A 10-fold jump in Medicare payment appeals since 2009 has “clogged and overwhelmed” the Recovery Audit system, says a Florida-based rheumatologist who has testified before Congress on the process.1 The Recovery Audit Program’s stated mission is “to identify and correct improper [Medicare] payments through the efficient detection and collection of overpayments made on claims of healthcare services provided to Medicare beneficiaries, and the identification of underpayments to providers.”2
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The “backlog is huge, and it’s not just hospitals; it’s practitioners, too,” says Michael Schweitz, MD, FACP, who has practiced for 37 years at Arthritis and Rheumatology Associates of Palm Beach in West Palm Beach, Fla. “This backlog is affecting routine appeals that private practices go through. Typically, such appeals are adjudicated in 60 to 90 days, [but] now are taking much longer. It can cause significant cash-flow problems at the practice level, not just the hospital level.”
The increase in appeals has jammed up the process so much that hospital systems are joining together to sue the U.S. Department of Health and Human Services (HHS), and even Congressional lawmakers have criticized the program’s effectiveness.
According to HHS, appeals to their Office of Medicare Hearings and Appeals’ administrative courts program have spiked to 384,151 in 2013 from just 35,831 appeals in 2009, before the launch of the Recovery Audit Program.1 The wait time for decisions on routine appeals can be as long as five years, according to the HHS, and the average processing time for appeals decided in fiscal year 2014 is 387 days.1 As a result of the backlog, HHS’ administrative law judges have implemented a two-year moratorium on docketing Medicare appeals received after April 1, 2013.1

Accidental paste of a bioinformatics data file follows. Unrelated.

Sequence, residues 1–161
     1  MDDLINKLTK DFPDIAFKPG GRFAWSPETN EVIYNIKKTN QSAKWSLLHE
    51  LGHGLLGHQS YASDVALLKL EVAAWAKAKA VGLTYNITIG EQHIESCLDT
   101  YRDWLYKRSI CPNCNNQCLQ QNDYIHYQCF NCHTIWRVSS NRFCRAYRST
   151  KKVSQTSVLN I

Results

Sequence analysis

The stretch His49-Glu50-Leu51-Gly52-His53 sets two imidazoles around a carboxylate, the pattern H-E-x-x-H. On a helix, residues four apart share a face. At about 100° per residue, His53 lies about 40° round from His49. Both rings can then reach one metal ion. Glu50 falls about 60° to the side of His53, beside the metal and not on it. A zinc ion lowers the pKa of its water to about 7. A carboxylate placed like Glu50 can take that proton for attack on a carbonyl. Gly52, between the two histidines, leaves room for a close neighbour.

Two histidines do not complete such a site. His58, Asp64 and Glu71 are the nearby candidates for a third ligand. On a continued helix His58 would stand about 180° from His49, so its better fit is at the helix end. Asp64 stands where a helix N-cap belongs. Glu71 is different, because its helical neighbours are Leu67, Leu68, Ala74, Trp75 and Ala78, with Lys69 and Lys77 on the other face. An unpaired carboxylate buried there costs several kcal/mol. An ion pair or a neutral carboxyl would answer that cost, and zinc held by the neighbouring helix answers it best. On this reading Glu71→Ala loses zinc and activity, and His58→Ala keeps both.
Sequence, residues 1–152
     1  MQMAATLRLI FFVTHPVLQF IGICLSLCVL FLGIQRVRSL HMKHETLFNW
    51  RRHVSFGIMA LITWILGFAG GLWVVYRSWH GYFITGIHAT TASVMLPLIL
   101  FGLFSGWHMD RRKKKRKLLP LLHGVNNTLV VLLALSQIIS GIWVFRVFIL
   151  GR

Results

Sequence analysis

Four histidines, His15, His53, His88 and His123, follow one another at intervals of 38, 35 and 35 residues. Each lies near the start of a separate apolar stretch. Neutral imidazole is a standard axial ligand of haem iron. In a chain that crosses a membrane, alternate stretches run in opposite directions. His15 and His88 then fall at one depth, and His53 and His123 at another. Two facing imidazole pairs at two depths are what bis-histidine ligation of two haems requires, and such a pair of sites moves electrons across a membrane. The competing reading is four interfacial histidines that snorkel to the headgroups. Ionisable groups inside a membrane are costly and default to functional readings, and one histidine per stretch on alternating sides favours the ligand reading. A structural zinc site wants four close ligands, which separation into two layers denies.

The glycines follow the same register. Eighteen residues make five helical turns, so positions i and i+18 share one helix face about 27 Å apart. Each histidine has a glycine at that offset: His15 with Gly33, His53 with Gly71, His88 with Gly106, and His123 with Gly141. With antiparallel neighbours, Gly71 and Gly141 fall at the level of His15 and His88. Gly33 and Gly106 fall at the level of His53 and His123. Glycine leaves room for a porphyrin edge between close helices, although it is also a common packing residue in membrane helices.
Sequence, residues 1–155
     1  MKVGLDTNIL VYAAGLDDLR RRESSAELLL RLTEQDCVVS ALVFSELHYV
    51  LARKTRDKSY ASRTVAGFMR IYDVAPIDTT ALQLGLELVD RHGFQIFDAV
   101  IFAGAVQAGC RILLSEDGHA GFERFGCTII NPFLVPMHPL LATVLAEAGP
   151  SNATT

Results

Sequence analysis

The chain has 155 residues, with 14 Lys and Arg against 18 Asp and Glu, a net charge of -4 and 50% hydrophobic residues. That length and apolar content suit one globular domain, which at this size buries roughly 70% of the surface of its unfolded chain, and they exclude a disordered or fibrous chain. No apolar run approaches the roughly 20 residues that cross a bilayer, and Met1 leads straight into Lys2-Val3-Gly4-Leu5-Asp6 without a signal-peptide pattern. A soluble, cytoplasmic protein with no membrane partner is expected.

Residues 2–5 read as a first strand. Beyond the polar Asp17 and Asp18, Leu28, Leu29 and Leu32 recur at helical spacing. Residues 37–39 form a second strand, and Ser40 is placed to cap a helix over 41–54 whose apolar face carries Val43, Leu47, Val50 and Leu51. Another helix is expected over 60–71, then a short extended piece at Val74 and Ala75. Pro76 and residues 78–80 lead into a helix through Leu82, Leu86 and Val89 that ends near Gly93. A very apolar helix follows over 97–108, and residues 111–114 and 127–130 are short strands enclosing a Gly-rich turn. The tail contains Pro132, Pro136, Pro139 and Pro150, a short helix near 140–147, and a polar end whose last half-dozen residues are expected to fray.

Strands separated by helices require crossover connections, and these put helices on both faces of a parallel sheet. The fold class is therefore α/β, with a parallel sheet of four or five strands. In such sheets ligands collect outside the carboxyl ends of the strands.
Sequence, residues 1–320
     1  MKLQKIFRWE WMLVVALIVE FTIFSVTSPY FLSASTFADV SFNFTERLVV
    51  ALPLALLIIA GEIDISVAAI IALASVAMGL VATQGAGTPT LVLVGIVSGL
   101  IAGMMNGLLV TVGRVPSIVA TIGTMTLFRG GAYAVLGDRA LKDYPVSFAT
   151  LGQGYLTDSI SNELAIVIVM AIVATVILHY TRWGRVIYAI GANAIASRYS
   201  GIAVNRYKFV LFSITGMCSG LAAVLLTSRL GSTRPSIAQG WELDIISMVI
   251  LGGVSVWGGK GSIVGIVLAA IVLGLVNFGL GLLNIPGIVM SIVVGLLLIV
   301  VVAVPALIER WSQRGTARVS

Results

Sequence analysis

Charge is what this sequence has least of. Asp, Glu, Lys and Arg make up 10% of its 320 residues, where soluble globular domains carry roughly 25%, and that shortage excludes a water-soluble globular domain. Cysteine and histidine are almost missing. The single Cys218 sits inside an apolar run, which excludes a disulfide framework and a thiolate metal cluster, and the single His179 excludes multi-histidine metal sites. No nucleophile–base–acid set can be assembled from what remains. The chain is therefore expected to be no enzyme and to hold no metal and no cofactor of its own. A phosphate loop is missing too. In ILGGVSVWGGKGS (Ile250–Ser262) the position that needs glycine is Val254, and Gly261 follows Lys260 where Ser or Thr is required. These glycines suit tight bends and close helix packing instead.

Recently, three hospitals and the American Hospital Association filed a federal lawsuit seeking to force HHS to meet its statutory requirement to decide appeals within 90 days.
“If you are seeing this many appeals clogging the system, then something is wrong with the process,” says Dr. Schweitz, who previously served on the ACR’s Committee for Rheumatologic Care and is the president of the Coalition of State Rheumatology Organizations. “I think the volume of appeals speaks directly to the issues with the system.” (posted 7/11/14)
Richard Quinn is a freelance writer in New Jersey.
1. Department of Health & Human Services (HHS). Office of Medicare Hearings and Appeals. http://www.hhs.gov/omha/important_notice_regarding_adjudication_timeframes.html. Updated July 7, 2014. Accessed July 10, 2014.